It seems to have taken forever but we have found a house! Can't tell you how excited (and terrified) I am about it, especially when the people buying ours announced they could not move forward yet as they don't have the deposit they said they had 3 months ago! I could really rant about this, but given we decided to put the house back on the market and had accepted an offer 20 minutes later it all ended ok. Once we have got to a stage that nothing can go wrong, I'll post some pictures, but for now we are working to get everything sorted in the hope of moving early in August.
The most important thing is this means I have been busy continuing to dig up the dry bed. Or I would have been if we hadn't had the wettest June on record. It has not been succulent weather. Strangely it has not been that cold and between storms when the sun does show itself, it's actually lovely. Today was one of those days, so between other jobs, I dug up some of the echeverias. To save space I used a cheap plastic trough to plant them into as a temporary home. There are 10 varieties in this first bunch alone (can you name them), given they have all been outside unprotected for at least the last two years, I am amazed so many have survived.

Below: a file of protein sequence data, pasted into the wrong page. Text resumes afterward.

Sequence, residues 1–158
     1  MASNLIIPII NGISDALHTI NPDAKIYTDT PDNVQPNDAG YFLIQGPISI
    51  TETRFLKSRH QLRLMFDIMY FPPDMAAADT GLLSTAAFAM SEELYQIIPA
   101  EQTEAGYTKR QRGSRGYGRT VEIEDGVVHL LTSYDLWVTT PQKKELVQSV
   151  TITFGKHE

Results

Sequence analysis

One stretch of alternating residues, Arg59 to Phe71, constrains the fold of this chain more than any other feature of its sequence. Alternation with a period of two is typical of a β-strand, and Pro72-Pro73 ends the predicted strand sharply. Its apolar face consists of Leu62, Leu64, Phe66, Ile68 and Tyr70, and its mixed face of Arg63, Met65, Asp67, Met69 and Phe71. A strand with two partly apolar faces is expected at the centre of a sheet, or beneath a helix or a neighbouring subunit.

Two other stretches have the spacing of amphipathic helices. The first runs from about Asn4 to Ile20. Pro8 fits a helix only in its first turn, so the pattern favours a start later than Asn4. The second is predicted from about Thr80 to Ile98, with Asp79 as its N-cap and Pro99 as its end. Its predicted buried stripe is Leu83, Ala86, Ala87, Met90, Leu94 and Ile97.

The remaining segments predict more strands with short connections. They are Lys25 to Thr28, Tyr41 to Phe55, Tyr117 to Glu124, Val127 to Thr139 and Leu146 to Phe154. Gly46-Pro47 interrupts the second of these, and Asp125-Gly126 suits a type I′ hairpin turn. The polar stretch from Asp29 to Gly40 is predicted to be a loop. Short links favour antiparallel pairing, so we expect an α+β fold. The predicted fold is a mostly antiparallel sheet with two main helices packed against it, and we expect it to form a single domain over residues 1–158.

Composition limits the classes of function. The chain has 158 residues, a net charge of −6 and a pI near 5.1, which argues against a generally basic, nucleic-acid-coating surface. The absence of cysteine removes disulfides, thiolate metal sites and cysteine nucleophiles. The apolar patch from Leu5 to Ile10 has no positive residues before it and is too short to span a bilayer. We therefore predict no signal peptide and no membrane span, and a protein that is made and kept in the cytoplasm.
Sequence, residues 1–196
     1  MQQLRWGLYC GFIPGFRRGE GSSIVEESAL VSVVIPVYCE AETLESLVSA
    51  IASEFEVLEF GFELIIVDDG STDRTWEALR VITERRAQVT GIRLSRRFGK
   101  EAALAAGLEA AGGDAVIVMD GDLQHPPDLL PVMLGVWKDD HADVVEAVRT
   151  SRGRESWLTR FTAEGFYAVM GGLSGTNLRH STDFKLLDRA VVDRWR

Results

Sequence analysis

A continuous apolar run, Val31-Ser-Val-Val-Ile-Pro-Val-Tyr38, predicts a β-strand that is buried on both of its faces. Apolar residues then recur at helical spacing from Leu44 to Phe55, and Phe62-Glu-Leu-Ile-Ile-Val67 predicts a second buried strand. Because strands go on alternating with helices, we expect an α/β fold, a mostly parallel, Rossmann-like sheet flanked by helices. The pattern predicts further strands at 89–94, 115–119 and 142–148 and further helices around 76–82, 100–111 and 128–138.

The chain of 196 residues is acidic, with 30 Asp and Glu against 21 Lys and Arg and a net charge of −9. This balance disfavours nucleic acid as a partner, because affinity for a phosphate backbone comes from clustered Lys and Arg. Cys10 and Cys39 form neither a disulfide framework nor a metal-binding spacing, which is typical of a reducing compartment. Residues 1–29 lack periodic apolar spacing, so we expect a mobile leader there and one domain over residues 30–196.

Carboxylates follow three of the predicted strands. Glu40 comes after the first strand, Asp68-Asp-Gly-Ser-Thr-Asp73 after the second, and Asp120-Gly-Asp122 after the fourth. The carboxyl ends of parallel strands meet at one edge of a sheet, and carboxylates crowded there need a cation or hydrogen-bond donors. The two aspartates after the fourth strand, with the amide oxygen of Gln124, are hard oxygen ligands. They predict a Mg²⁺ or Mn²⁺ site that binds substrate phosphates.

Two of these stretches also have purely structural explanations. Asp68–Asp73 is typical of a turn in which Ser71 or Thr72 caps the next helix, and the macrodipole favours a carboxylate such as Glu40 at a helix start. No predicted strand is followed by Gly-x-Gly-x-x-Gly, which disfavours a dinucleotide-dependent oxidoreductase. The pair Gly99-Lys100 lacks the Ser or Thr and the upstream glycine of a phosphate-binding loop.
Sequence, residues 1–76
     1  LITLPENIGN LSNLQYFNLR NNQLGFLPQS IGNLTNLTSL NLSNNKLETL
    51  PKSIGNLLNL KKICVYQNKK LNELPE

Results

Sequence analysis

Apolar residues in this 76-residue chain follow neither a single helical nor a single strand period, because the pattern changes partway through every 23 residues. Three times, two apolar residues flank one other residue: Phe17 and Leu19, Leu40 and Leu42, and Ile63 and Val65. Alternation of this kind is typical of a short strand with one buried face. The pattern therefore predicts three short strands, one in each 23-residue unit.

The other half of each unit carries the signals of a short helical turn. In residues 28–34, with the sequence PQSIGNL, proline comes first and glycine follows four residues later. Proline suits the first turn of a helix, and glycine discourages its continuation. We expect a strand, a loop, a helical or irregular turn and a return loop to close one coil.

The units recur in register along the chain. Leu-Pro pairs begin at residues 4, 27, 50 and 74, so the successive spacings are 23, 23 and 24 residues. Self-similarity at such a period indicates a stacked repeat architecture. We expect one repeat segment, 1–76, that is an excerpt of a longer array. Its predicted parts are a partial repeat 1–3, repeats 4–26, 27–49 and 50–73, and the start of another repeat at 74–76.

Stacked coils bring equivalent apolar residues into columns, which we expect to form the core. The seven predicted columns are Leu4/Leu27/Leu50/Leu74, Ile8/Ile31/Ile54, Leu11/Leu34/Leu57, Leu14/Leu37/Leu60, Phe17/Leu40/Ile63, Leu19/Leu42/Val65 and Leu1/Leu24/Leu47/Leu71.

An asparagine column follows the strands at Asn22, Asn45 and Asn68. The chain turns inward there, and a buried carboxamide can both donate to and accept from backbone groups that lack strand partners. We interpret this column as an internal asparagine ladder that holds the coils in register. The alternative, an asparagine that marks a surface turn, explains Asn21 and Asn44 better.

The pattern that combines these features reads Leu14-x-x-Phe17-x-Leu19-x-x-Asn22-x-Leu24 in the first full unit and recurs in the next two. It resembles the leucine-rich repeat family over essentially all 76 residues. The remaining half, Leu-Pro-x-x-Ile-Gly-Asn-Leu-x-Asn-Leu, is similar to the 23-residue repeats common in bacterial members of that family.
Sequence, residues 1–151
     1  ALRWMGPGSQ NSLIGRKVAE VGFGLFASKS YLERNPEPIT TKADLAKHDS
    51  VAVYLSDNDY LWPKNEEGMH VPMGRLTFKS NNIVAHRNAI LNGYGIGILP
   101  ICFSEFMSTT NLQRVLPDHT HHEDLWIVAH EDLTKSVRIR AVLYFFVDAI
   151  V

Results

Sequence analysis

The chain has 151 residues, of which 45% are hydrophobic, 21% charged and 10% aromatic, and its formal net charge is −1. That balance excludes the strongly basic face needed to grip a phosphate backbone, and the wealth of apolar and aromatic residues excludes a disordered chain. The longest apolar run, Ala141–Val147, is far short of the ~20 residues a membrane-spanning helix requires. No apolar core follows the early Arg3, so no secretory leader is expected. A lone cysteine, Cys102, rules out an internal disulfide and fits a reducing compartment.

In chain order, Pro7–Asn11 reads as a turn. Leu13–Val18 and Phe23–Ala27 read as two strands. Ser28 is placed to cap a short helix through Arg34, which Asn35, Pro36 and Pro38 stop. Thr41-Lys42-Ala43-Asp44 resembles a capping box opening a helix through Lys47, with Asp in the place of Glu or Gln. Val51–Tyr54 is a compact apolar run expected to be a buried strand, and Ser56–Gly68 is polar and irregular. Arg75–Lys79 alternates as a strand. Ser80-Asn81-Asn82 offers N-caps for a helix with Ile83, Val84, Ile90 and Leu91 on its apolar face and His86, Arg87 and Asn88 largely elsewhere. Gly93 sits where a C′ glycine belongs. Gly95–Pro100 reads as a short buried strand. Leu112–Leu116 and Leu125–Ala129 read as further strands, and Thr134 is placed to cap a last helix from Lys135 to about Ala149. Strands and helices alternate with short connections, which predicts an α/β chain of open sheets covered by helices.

The pot may be ugly but I am actually pleased with how all the plants look. It will be fun to see how much they fill out. I had to be strict and not take every plant, and keep telling myself that I can propagate more once we move. Besides leaving some for the next owner may get them interested in continuing the succulent planting instead of starting again with a more traditional garden.
One of the other plants I have been taking cuttings from is the aloe striatula. There are two clumps in the dry bed and given how quickly they root, I figured taking cuttings would save space. I'm not sure I need all of these:
They have been resting in a rack for the last week or so and looking yesterday I found this:
Typical isn't it, there's not one flower on those that are still planted, and this one flowers as an un-rooted cutting. They have all been potted up now, so we'll see if the flower aborts or not.
Fingers crossed tomorrow will be sunny and I can fill another three troughs. If I can that would be the majority of the digging up finished, leaving only the large yuccas to go.